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Bayan from the Russian manufacturer Jupiter

The bayan ( Russian Баян , IPA : bɐˈjan ) is the Eastern European form of the chromatic button accordion .

Differences to the accordion are in the design of the case and the type of reed plates. The reeds of a bayan are usually mounted together in large groups on a metal base.



The treble side is not equipped with buttons, but with buttons, which enables a larger tonal range. The construction of the treble side differs from that of other modern chromatic button accordions. The keyboard is moved a little further to the front, so there is also a smaller hood behind the keyboard. The mechanism for the flaps of the rear sound post must therefore be deflected backwards.

The bayan is usually played in a sitting position, with the players often placing a cloth over their knees to protect the bellows and clothing. Originally, like the Schrammel harmonica , it was only played with a strap. The keyboard of instruments from Tula is mostly graduated because the traditional way of playing takes place without the thumb of the right hand, which ensures that the keys (here buttons) are easier to reach. Three-row instruments have or had an open keyboard with exposed levers, similar to the traditional Styrian harmonica .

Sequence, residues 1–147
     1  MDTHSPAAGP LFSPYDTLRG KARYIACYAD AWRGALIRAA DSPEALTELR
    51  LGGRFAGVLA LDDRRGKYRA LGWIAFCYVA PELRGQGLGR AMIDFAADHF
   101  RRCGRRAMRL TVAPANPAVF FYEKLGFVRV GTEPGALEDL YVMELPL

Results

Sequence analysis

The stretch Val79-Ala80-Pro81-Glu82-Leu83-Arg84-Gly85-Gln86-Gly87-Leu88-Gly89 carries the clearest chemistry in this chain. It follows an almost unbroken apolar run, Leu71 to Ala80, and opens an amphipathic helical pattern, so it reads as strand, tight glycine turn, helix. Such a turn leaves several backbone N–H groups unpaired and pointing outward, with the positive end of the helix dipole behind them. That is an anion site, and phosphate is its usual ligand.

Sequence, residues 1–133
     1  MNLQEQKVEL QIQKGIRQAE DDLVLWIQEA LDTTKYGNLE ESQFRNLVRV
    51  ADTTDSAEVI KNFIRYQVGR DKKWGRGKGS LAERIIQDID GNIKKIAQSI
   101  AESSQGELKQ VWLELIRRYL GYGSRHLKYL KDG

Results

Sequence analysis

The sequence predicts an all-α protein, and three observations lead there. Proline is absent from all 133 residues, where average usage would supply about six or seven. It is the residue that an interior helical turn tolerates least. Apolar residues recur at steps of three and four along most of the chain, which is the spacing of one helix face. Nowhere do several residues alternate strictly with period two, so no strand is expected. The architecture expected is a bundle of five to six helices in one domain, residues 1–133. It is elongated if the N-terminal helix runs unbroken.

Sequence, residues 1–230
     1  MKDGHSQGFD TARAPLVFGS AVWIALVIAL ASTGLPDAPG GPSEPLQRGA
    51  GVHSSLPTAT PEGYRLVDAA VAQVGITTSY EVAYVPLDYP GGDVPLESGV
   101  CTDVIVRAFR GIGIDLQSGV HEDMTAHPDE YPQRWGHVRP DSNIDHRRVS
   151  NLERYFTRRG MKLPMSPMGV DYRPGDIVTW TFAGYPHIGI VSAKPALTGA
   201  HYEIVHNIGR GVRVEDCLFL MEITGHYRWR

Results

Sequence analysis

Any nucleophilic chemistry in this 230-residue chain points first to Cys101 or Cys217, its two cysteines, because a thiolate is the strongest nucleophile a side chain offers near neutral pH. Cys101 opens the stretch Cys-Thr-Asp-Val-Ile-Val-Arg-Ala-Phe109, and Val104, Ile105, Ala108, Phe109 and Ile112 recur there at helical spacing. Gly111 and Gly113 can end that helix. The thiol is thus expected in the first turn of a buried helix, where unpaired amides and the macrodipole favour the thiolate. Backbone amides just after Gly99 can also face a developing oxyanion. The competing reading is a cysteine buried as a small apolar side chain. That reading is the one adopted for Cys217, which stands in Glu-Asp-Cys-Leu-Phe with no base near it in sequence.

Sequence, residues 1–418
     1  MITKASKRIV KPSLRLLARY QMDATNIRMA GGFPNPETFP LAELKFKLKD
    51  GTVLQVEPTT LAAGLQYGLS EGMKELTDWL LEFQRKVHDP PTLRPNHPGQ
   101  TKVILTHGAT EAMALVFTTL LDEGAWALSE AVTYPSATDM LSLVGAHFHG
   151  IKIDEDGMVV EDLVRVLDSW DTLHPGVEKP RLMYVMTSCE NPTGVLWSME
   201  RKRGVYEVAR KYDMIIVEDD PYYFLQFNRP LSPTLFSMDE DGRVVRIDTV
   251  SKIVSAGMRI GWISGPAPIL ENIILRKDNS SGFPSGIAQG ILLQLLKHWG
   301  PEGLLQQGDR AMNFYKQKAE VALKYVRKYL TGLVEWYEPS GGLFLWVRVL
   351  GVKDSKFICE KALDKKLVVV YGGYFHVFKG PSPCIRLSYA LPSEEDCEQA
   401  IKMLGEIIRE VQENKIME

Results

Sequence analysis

After newer bass systems were developed in Germany, bass systems based on the system of Tauscheck, Paul and Blumsteiner, which largely correspond to today's Stradella bass, were also installed on the bass side in Russia, only they had no diminished seventh chords. Today, as with other modern chromatic accordions, there is also the option of a melody bass converter on the bass side . This has the advantage that you can vary between standard bass and melody bass , making it possible to play literature for other instruments such as piano and organ. Some instruments were and are built with extremely deep, powerful bass (32 '), which of course increases the weight not insignificantly.

The arrangement of the melody bass is mirrored in the Russian bayan, figuratively speaking, the keys / tones are upside down when compared with the common Western European arrangement.

Reed plates

The reed plates with the reeds of a bayan are combined in a sound post. The bayan shares this design feature with the bandoneon and traditional Russian B-grip accordions. The reeds are very often still almost entirely handcrafted. Reeds and reed plates are pre-punched, but the rest of the work is done exclusively by hand with rivets and files.

The bayan usually uses very hard steel for the reeds to achieve the preferred sound rich in overtones. Other constructive factors also have an effect on the independent sound. The size, shape and type of the file contour are essential factors in addition to the material for the reeds. But there are also Bajans with normal single reed plates and machine-made long reed plates.

Name, distribution and definition of terms

The instrument was named after the legendary Russian poet singer Bojan (11th century). For ancient Greece such a person would be called a rhapsod or a bard for the Celtic Middle Ages .